The Class of 2021 sails into the future
“Fill your dreams with sweet tomorrows. Never mind what might have been.”
The closing song of the graduation of 12 Block Island School seniors, set magnificently against a deep blue ocean, could not have been more perfectly worded given the 18 months of Covid they have grown through. One filled with stress, uncertainty, and devoid of many of the group events that normally paint senior-year bookends in high school.
Principal Kristine Monje began by addressing the crowd with a giant relieved smile, and an often breaking voice, as she referenced the weather:
“There is no final curve-ball to this year!”
The large crowd of family and supporters spread over the Spring House lawn, hosted by owner Frank DiBiase. It was perfect, and earned. “We’ve all lived through quite the journey,” Monje surmised.
Noted one set of grandparents sitting on the front porch wicker of the grand hotel: “Of all the past graduating classes, these kids deserved this weather, this setting, this day.”
Savannah Brown and Lucy Rigby-Leather traded turns at the microphone in a back and forth Valedictorian and Salutatorian address that was as unique and special as is this very island.
Rich in personal tales and genuine, heartfelt passion, they recounted growing up together as one extended family through challenges, games,
competition, failings and successes, family issues, all the while earning each other’s respect.
There was a touching Aesop tale of sorts for each classmate going back to kindergarten. Marriage proposals broached in pre-school (declined!), to the daily competition of phys-ed classes, alongside simple but telling classroom successes. Each personal story was recounted from the heart from growing up together when one’s dad rented an apartment in another’s grandmother’s house, leading to dolls versus GI Joe contests up and down stairwells, to maturing from quiet, withdrawn first-graders to confident seniors- 13 years captured in small, telling verbal portraits that often led to hung heads and a trickle of tears.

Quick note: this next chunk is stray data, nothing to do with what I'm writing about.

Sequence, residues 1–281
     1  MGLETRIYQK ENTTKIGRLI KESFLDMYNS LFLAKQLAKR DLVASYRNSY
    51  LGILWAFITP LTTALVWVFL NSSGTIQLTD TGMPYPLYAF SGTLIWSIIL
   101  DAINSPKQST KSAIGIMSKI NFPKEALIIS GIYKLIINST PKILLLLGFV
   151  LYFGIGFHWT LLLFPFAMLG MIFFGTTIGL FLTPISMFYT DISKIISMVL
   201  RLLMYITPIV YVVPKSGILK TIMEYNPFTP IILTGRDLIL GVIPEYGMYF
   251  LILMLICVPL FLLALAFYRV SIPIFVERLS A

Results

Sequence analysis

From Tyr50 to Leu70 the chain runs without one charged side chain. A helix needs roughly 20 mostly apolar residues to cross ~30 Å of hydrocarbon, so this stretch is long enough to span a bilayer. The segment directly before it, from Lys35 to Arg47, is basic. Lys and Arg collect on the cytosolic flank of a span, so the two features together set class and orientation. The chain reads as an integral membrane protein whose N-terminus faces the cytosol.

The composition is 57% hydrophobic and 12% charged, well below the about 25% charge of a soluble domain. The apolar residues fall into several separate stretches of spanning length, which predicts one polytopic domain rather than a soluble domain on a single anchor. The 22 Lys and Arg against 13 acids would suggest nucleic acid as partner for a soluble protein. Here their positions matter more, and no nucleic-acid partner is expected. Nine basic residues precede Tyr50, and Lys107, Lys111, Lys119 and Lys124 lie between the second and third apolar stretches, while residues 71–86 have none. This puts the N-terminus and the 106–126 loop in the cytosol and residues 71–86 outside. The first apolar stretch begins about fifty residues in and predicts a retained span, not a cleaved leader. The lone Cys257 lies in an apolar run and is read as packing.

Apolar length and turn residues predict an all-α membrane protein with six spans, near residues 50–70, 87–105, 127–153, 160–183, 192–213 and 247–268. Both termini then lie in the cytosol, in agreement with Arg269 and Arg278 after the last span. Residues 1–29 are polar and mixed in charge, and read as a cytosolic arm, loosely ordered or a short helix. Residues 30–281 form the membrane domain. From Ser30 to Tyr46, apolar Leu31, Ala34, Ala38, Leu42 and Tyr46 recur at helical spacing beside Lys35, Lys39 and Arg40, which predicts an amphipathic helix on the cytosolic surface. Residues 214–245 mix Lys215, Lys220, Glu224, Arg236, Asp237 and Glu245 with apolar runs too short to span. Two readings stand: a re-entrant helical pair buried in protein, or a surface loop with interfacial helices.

And then it was on to the awards and speeches. Almost all of them eloquently short and to the point.
State Representative Blake Filippi turned the podium 180 degrees to face the students and address them face to face, counselling them “to take risks. You are a generation that has the tools to respond to challenges, use them well. I am confident as a society we will be just fine with you assuming the mantle of leadership in time.”
A special moment was reserved for teacher Joanne Warfel who is retiring after 30 years. She silently and quietly donated extraordinary extra
time to many immigrant families that have settled on Block Island, affording them counsel in learning English, finding housing, sourcing legal, medical and other services. A new scholarship is being developed that copies a hallmark of Milton Hershey of Pennsylvania that distributes funds to assist individuals who need that boost, and Warfel will be spearheading that selection process.
Numerous scholarships were awarded ranging from music to the American Legion. Nurse Practitioner Liz Dyer and Marguerite Donnelly together awarded the annual Mary D. Fund Scholarship. The Mary D. Fund managed to acquire a $200,000 grant from California, and over the past seven months has invested $100,000 for BI students. “There is nothing more important than our investing in the health and education of our island children to create a healthy community,” said Donnelly, the daughter of Mary Donnelly, who established the fund and has been helping islanders in need for over 50 years.
The graduation concluded with a farewell song from English teacher Maureen Flaherty and music teacher Megan Hennessy, “May The Good Lord
Bless and Keep You.” As the recessional march fell apart, families converged on the grads, with plenty of tears, hugs, smiles, and cameras, before guests headed off to an afternoon of family parties.